Immigration is among the hottest and most divisive topics in politics today. US presidential hopefuls Hilary Clinton and Donald Trump embody the discord surrounding these issues – Trump’s rhetoric states that immigrants replace and hurt American workers, while Clinton is often quick to point out that immigrants are essential to starting businesses that put Americans to work. Moreover, many local and regional governments seek to attract immigrant entrepreneurs to their areas through programmes like the Thrive competition in New York City and the Office of New Americans in Chicago. While economists have made headway towards measuring the immigrant contribution to entrepreneurship and economic growth, these data are only now getting to the point where facts can begin to replace speculation in these debates.
Previous work regarding immigrant entrepreneurship has shown that rates of business ownership are higher amongst the foreign-born than natives in many developed countries, including the US, the UK, Canada, and Australia.1 Hunt (2011) finds that skilled immigrants start firms with greater frequency than comparable natives, and that those initially arriving on a study or work visa were more likely to start a firm than those arriving for family reunification. In the high-tech sector, Saxenian (1999, 2002) observed that up to a quarter of firms were founded or being run by immigrants in Silicon Valley in the 1980s and 1990s, although some have argued that the contribution of immigrants to high-tech entrepreneurship has been overstated (Hart and Acs 2011).
The need for improved estimates regarding immigrant contributions to new firms remains, as well as the growth profiles and business activities of these created ventures. We construct a data platform using restricted access Census Bureau datasets to explore differences in the types of businesses initially formed by immigrants and their medium-term growth patterns, while also examining the relationship of these outcomes to an immigrants’ age at arrival to the US. In a new paper, we provide extensive details on the empirical platform created, along with suggestions for future enhancements (Kerr and Kerr 2016).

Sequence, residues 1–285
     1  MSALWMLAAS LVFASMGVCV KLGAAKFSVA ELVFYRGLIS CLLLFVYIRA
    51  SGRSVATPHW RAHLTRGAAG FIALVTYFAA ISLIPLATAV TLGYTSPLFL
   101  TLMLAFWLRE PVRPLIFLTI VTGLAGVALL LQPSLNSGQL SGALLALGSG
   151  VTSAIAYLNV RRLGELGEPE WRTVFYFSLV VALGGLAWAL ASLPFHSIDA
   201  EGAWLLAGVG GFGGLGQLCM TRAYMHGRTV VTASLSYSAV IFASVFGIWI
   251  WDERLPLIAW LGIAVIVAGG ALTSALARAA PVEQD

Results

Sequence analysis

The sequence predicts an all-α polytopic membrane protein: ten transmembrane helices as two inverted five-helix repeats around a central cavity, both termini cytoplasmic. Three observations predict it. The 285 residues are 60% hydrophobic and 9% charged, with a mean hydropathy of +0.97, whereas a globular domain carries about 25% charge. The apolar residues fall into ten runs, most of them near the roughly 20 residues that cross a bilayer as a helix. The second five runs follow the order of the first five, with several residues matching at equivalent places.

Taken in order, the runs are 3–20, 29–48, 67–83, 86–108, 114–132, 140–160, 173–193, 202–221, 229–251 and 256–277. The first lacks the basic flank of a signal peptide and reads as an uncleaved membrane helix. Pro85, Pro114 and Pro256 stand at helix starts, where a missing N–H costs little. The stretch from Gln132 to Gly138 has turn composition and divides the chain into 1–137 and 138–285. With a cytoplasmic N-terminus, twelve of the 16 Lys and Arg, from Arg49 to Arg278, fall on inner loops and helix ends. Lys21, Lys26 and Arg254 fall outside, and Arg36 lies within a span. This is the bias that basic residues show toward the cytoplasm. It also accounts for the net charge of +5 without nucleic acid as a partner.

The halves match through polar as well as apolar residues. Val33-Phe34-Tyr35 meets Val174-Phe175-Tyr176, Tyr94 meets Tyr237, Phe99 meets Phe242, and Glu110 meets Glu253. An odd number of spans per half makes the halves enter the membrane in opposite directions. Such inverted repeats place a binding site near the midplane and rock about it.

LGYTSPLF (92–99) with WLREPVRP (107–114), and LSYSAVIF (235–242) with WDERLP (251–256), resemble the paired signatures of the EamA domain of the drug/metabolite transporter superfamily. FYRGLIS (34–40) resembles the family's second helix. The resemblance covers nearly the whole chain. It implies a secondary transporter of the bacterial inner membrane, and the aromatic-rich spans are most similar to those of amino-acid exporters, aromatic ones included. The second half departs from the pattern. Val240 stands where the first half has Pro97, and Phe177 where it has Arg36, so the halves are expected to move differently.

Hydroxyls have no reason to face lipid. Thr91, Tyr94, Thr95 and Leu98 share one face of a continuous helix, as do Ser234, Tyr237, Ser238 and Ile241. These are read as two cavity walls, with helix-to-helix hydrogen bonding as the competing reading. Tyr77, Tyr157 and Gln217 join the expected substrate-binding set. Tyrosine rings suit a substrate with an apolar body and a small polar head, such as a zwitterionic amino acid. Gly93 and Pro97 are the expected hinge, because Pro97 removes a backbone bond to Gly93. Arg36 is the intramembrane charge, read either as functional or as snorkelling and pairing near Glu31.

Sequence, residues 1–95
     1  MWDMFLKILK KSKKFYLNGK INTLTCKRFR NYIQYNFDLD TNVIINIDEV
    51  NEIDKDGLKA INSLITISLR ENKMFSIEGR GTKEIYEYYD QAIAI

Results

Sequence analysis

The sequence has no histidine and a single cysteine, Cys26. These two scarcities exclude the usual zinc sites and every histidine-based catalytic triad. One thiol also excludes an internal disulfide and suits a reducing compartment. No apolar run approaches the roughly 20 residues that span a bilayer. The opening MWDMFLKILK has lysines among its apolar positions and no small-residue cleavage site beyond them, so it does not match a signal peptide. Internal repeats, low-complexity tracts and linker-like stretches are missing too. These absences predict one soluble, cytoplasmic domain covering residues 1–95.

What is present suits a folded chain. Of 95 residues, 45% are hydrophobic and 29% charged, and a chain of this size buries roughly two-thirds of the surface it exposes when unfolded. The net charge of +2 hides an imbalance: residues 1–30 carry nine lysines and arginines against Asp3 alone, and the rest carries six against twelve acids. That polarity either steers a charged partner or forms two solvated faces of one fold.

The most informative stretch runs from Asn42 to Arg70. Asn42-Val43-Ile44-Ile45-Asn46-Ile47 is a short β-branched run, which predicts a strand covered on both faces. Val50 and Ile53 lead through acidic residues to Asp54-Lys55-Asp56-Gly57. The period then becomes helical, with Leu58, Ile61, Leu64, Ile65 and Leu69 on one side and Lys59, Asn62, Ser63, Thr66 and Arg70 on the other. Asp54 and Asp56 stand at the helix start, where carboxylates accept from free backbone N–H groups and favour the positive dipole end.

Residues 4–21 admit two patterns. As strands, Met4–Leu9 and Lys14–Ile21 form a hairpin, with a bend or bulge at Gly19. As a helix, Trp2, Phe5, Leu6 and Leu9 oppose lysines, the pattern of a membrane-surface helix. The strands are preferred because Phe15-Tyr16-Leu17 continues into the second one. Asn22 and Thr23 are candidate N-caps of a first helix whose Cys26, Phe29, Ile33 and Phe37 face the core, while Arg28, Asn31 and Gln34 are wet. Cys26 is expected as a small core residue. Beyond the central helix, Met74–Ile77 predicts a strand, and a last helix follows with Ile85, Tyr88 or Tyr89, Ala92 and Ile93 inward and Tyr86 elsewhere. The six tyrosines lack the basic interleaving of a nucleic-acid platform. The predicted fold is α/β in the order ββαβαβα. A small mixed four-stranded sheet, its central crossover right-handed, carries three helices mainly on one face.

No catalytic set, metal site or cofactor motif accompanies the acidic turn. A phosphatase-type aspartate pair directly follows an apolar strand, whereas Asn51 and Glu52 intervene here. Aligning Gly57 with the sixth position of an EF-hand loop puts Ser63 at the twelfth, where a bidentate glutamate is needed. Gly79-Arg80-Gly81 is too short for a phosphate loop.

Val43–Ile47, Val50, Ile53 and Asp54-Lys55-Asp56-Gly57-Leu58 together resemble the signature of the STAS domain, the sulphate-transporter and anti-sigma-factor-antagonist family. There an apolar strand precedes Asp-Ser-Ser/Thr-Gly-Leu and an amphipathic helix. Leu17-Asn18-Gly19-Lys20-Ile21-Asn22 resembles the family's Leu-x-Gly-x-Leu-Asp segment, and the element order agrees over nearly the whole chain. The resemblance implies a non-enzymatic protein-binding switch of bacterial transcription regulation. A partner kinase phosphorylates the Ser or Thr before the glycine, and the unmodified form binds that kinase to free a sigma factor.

Our novel data set expands on previous contributions in three primary ways. First, whereas existing work tends to be cross-sectional and focused on a specific skill population, our data platform provides consistent estimates of immigrant entrepreneurship over a long duration (1995 – 2008) and across many skill levels, covering firms from ‘Main Street’ businesses to Silicon Valley VC-backed firms. Second, we can characterise deeply and reliably the employment and growth dynamics among immigrant-led businesses compared to those founded by natives. Finally, we can separate immigrant entrepreneurs by their age of immigration into the US, which helps to provide useful guidance for policy.
The Longitudinal Employer-Household Dynamics (LEHD) database is the centrepiece of our platform. Built from state unemployment insurance filings, the LEHD identifies the employees of each private-sector firm in the US and their quarterly compensation. These data are combined with the Longitudinal Business Database (LBD), which analyses employment growth dynamics of new firms, long-form records of the 2000 Census of Population and Housing containing additional individual and household level traits, and external data sets identifying companies that have undergone an IPO or received VC backing. We provide comparisons to the Survey of Business Owners (SBO), a nationally representative survey conducted by the Census Bureau, as well as to the Current Population Survey (CPS).
With these sources we construct a tailored dataset for the analysis of immigrant status and entry into entrepreneurship, first focusing on dynamics over time. We retain for each individual their primary source of employment during the year (i.e. the job from which the person obtains the majority of their earnings according to the LEHD), and restrict our sample to focus on entrepreneurial activity in the peak employment years of each person’s working life, staying away from retirement decisions and non-primary employment sources. An entrepreneur is defined as a top three earner within an LEHD firm during the first year that the single-unit company was established.
Trends in entrepreneurship
Immigrants account for around a quarter of US entrepreneurs, and this share has been increasing since 1995. Figure 1 shows that on a relative basis, immigrants make up around 24% of entrepreneurs and new employees of our sample firms, increasing dramatically over the sample period (by over 10%), while a more modest growth has taken place in the immigrant share of initial employees (around 5%).
Figure 1 LEHD immigrant entrepreneurship trends
Notes: Sample includes 11 states present in the LEHD by 1992: CA, CO, FL, ID, IL, LA, MD, NC, OR, WA, and WI. New firms are defined through the LBD and retain their entering status for the first three years of the firm's life. Entrepreneurs are defined as top three initial earners in business.